Billie Eilish, Greta Van Fleet, & Pearl Jam Among 200 Artists Calling for Responsible AI Music Practices

Non-profit organization Artist Rights Alliance has issued an open letter focused on the rise of AI in music, signed by over 200 prominent names in the music industry, including Billie Eilish, Pearl Jam, Greta Van Fleet, Jason Isbell, Katy Perry, Nicki Minaj,Elvis Costello, Jon Batiste, and Stevie Wonder.

Under the call to “stop devaluing music,” the letter states, “Some of the biggest and most powerful companies are, without permission, using our work to train AI models. These efforts are directly aimed at replacing the work of human artists with massive quantities of AI-created ‘sounds’ and ‘images’ that substantially dilute the royalty pools that are paid out to artists.”

Beyond potential royalty and revenue losses, the letter goes on to push back against the “assault on human creativity” posed by AI. “Unchecked, AI will set in motion a race to the bottom that will degrade the value of our work,” the document reads. The full note from Artist Rights Alliance can be found here.


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With signatures from rising artists like Ayra Starr to a representative from the estate of Frank Sinatra and an encompassing affirmation from HYBE, the South Korean home of BTS, the request closes with a note to AI companies, urging “developers, technology companies, platforms, and digital music services to pledge that they will not develop or deploy AI music-generation technology, content, or tools that undermine or replace human artistry.”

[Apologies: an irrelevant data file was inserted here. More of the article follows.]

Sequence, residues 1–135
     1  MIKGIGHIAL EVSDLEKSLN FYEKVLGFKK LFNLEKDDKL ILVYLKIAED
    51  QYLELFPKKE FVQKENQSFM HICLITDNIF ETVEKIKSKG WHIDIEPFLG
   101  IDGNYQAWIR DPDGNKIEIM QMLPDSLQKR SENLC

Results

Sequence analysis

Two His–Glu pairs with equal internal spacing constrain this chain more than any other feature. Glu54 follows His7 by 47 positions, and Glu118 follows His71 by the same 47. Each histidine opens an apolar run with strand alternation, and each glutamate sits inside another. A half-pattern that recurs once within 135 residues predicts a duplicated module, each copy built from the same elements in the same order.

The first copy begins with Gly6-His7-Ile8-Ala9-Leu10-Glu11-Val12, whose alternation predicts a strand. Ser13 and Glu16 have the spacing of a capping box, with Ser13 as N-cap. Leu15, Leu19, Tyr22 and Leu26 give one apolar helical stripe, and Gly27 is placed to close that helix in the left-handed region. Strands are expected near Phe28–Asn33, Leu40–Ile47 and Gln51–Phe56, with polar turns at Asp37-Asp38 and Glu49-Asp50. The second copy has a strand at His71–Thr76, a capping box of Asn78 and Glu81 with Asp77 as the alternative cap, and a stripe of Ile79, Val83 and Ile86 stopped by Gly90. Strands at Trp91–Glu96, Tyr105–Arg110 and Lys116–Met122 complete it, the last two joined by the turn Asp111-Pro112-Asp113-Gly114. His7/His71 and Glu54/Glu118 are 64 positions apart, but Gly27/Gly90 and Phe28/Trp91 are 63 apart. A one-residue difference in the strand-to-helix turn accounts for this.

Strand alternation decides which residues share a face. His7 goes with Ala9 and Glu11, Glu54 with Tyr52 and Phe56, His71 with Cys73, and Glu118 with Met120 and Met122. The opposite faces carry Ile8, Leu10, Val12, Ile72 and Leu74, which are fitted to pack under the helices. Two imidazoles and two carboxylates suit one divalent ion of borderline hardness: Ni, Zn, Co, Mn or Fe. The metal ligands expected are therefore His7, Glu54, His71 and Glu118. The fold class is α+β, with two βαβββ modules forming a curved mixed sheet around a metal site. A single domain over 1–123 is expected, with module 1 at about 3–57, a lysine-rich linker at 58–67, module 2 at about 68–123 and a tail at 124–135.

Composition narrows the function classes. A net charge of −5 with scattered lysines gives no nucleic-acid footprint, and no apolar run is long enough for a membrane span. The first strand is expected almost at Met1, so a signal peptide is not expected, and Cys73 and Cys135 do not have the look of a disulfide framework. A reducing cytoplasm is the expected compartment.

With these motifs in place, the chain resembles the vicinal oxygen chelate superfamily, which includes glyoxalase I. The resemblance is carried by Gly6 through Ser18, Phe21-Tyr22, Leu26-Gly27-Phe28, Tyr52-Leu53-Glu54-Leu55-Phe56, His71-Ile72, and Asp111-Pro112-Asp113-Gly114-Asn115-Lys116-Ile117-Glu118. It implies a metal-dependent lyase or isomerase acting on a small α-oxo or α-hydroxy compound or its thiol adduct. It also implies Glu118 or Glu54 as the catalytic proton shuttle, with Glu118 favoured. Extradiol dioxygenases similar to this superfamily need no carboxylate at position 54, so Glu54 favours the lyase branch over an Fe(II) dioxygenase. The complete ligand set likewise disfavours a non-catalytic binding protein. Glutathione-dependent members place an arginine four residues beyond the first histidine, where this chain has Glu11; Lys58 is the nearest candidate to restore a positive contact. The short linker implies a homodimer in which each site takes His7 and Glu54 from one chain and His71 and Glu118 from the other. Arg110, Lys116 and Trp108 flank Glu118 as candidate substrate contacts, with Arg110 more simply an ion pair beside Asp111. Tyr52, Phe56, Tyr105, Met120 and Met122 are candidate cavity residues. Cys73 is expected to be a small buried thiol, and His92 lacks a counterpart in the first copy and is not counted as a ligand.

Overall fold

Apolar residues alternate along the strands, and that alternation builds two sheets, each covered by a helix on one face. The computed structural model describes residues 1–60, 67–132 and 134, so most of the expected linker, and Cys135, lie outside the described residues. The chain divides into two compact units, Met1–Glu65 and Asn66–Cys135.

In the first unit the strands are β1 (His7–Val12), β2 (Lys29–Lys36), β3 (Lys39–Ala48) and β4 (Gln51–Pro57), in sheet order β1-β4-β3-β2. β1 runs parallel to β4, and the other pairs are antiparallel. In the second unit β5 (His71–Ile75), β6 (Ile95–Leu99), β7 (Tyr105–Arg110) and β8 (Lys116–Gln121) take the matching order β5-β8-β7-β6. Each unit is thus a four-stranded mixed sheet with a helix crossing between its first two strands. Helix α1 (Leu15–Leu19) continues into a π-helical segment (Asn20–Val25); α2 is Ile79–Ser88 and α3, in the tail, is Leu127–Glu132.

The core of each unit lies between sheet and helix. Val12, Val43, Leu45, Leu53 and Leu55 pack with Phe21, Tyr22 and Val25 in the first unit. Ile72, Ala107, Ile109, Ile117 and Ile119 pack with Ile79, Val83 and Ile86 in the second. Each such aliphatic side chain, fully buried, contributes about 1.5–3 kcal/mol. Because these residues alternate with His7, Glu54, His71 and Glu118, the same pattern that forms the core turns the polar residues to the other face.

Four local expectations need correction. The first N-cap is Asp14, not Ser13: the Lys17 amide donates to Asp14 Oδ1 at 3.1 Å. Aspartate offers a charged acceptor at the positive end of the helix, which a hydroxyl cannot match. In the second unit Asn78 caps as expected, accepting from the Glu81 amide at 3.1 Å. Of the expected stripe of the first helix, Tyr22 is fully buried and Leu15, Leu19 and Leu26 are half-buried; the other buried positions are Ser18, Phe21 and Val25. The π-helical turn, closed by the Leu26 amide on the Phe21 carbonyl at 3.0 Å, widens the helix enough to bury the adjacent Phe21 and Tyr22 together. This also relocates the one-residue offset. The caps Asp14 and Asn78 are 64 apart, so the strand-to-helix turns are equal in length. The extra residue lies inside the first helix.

Last year, an AI-generated track designed to mimic the voices of Drake and The Weeknd was ruled ineligible for a Grammy. “The Academy is here to support and advocate and protect and represent human artists, and human creators — period,” said Recording Academy CEO Harvey Mason Jr.

More recently, the estate of Edith Piaf partnered with Warner Music Entertainment to allow the late French singer to narrate her own biopic. Elsewhere, “You’re Beautiful” singer James Blunt shared the he felt “humiliated” after experimenting with an AI impersonation that mimicked his songwriting and delivery.


Last month, Tennessee became the first state to make strides to protect songwriters and artists with the ELVIS Act, which aims to protect the voices of artists as property rights.